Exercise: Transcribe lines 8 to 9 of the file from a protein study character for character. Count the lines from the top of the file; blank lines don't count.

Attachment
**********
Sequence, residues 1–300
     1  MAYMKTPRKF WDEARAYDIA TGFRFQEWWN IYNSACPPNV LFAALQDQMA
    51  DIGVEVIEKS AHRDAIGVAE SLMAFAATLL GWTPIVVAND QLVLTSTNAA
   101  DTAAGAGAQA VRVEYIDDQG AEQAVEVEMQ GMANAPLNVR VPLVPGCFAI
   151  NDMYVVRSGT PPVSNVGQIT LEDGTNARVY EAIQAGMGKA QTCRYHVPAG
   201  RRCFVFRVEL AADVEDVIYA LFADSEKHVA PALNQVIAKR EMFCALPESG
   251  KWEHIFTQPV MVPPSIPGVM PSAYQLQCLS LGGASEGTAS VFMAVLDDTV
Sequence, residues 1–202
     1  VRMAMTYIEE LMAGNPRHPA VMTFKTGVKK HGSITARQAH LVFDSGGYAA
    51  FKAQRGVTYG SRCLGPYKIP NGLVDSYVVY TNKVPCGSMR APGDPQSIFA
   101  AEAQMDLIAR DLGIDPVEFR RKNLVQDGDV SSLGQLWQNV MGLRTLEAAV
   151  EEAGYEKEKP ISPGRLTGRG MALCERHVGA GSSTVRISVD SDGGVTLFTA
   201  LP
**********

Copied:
Sequence, residues 1–202
     1  VRMAMTYIEE LMAGNPRHPA VMTFKTGVKK HGSITARQAH LVFDSGGYAA